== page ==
Red Dog Mine

Farther north, in the Chukchi Sea, Foss is continuing its seasonal lightering operations in support of Alaska’s Red Dog Mine where between 1.2 million and 1.4 million tons of ore will be transshipped to deep draft bulk carriers this year. The seasonal operation uses the loading barges Kivalina and Noatak, along with the tugs Iver Foss, Stacey Foss, Sidney Foss and Sandra Foss. New to the operation this year have been lighter weight wheeled loaders used to handle ore on the barges. The machines weigh about 60 percent less than the units they’ve replaced and consume about 60 percent less fuel. Both barges also received new scale systems used to weigh the ore they carry, as well as new electronics for monitoring draft, at the Foss yard at Seattle this past winter.

Arctic Class Tugs

An even larger commitment to the north is getting underway at Foss’ Columbia River yard where work has commenced on the construction of the first of three Arctic class tugs designed by Foss along with its naval architecture partner Glosten Associates. To be built in modular sections, the 132-foot vessels will have ice-strengthened hulls and will be powered by Caterpillar C280-8 main engines that meet the latest environmental standards. In addition, there will be no ballast tanks carried, thus eliminating the chance that invasive species might be transported, and holding tanks for both black and gray water will be provided to permit operations in “no discharge zones.” Energy efficient LED lighting will also be used where possible and all hydraulic oil systems will be compatible with biodegradable oil.

Designed to achieve in excess of 100 metric tons of bollard pull, the first of the new tugs is to be delivered in December of next year while the latter two will follow in 2015 and 2016. Gary Faber, Foss’ President and Chief Operating Officer, said the tugs have been designed specifically to withstand harsh-environment Arctic operations and will allow Foss to “compete for global opportunities” in the rapidly evolving oil and gas industry. This includes the Chukchi and Beaufort Seas off Alaska where Foss already has five vessels committed to Shell’s arctic offshore exploration program.

Better Barges

Two other operators are having new barges built for eastern Pacific operation, one for Alaska employment and the other for the run between the West Coast and Hawaii. Seattle-based Harley Marine chose Crowley’s Jensen Maritime to design a 250-foot by 70-foot deck barge that will carry a 230-ton lift capacity Manitowoc 4100 crawler crane for cargo handling. To be christened Iliuliuk Bay upon completion later this year by Portland’s U.S. Fab, the barge will be used between Dutch Harbor and Akutan, Alaska to carry containers and general cargo.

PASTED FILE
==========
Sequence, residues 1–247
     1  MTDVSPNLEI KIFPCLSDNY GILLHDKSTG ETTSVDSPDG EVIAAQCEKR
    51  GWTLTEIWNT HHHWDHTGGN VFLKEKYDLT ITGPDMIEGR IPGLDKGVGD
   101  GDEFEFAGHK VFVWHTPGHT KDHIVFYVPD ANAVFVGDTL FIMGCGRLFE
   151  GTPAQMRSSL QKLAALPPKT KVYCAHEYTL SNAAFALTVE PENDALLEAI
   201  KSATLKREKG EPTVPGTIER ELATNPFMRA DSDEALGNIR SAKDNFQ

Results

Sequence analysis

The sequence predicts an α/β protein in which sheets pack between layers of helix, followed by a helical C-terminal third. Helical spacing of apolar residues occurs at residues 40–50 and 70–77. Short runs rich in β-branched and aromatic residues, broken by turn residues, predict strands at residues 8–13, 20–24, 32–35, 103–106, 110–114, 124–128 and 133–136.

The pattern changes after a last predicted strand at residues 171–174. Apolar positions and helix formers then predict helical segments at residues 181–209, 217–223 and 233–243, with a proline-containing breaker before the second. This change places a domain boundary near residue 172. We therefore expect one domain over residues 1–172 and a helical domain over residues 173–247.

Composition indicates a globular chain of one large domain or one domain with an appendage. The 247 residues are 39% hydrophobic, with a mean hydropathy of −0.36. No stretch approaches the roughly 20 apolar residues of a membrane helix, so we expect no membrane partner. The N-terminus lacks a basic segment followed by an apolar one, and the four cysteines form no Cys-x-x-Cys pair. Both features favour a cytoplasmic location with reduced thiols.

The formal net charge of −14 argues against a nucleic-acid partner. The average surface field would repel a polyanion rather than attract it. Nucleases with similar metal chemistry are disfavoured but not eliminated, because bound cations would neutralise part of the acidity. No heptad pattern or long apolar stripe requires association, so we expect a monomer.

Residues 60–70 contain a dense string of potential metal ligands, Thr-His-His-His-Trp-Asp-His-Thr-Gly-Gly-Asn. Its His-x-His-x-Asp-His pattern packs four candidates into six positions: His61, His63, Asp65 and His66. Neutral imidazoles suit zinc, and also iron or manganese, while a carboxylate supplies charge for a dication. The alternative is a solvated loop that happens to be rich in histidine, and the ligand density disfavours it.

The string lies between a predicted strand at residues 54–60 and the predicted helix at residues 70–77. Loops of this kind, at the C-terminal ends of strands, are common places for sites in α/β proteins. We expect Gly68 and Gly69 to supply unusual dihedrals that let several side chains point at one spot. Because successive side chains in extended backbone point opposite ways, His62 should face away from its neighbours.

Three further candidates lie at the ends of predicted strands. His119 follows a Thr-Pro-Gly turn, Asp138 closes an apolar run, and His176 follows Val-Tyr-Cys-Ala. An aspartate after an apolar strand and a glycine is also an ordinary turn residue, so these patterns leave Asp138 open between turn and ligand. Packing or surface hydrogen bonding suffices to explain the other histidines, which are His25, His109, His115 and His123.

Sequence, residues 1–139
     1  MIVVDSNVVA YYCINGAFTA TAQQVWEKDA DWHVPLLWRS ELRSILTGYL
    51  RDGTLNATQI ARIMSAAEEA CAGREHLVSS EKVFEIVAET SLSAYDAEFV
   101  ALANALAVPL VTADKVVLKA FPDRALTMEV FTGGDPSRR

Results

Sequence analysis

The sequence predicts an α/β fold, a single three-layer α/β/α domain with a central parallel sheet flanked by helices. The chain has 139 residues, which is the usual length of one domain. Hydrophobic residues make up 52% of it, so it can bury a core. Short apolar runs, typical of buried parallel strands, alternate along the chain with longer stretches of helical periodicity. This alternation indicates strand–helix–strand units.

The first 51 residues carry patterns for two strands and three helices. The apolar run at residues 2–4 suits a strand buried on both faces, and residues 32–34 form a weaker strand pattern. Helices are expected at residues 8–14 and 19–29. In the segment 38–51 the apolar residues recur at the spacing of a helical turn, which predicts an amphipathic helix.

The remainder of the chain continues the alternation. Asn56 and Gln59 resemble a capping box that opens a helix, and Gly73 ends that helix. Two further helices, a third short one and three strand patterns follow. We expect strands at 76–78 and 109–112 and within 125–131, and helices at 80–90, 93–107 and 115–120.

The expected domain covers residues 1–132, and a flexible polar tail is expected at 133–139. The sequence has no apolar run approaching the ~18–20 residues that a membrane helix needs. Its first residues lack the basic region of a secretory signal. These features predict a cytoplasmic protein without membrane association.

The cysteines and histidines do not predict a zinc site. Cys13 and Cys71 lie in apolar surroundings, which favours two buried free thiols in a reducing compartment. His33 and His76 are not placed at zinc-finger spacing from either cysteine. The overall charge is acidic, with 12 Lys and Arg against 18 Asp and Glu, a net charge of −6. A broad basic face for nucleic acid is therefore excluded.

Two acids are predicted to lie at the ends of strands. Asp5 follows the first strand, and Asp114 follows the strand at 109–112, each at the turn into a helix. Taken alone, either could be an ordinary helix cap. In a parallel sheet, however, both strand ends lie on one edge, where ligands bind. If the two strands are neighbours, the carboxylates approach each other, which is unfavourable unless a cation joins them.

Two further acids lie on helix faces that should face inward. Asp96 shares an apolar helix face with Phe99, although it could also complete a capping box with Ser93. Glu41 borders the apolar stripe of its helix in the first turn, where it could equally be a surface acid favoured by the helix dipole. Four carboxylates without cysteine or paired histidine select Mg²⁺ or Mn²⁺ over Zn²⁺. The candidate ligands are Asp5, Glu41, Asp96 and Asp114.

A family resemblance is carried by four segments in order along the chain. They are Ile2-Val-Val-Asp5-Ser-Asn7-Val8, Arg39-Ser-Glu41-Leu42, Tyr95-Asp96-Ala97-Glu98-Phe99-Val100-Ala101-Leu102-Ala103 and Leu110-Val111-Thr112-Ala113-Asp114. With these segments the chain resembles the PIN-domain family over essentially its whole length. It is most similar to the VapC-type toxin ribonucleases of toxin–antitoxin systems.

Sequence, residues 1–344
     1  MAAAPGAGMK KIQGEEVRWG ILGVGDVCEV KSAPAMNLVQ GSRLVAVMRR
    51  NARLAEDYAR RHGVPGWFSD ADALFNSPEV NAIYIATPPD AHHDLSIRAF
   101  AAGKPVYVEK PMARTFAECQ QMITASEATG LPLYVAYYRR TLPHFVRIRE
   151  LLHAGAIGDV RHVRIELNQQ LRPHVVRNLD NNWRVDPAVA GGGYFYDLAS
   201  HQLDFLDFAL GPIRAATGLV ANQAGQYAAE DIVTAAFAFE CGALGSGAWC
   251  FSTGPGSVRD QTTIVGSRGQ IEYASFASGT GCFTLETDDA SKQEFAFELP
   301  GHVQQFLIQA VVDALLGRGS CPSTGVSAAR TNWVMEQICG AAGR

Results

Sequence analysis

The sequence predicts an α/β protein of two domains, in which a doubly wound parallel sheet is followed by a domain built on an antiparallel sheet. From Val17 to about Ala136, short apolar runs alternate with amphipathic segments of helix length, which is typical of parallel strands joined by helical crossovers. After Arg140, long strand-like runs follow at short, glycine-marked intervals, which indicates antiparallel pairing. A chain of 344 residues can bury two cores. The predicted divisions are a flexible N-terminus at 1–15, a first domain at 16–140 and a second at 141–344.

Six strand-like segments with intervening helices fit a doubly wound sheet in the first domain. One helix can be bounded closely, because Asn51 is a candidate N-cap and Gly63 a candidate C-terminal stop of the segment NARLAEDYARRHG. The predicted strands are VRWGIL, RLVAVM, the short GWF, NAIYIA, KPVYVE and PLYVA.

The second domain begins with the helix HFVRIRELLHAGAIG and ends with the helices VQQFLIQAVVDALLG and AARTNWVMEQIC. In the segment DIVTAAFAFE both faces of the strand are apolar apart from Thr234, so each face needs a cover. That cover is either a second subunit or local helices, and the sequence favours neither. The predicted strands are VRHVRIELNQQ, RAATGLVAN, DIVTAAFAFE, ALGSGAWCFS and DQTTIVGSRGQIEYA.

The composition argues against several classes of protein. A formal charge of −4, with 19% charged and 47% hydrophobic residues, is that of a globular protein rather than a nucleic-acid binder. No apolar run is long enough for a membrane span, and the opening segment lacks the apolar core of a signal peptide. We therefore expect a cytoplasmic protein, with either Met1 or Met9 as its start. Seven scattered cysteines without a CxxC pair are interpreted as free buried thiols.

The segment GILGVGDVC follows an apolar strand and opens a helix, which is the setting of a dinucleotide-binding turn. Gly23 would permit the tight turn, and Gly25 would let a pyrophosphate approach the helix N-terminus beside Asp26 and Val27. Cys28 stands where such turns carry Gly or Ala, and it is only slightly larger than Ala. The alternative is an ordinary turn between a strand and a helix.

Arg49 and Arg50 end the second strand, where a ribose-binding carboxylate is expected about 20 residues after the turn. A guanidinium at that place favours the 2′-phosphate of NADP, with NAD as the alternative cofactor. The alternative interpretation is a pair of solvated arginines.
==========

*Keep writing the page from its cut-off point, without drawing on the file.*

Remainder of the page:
Photo courtesy of Foss.

Making up both a coastal and river tow earlier this year were four 100-ton LNG storage tanks secured on barge AMS 250 that were moved by Foss Maritime from Tacoma, Washington to Portland, Oregon, then taken up the Columbia River to Umatilla, Oregon.

The vessel’s deck design features both D-rings to secure containers stacked up to three high as well as eight lashing bars running fore and aft for over-sized freight, such as heavy construction machinery. Already completed and due to enter service shortly is the 362-foot by 105-foot barge Columbia, built by Gunderson at Portland for Sause Bros. of Coos Bay and to be employed between Sause’s Teevin Terminal on the Columbia River at Rainier, Oregon and Kalaeloa Harbor (Barbers Point) on the island of Oahu.

Designed by Hockema & Whalen Associates of Seattle, the new barge has a maximum deck load of 3,650 pounds per square foot and a deadweight of 14,000 short tons. “The launch of Columbia is an exciting time for Sause Bros. because we will soon be able to offer even better, economically viable service to our customers in both Hawaii and Oregon,” said Sause General Manager of Columbia River Service, Jeff Browning, who noted that Sause also plans to update its fleet of tugs by utilizing the latest engine technology in conjunction with ultra-low sulphur diesel fuel. Several Sause tugs are currently being repowered by the firm’s associated Southern Oregon Marine yard at Coos Bay with the goal of achieving an overall carbon reduction of 80 percent on the Hawaii common carrier run by the end of next year.

 
 

Powered by ROAR Online Publication Software from Lions Light Corporation
© Copyright 2018

Rendered 10/14/2018 16:27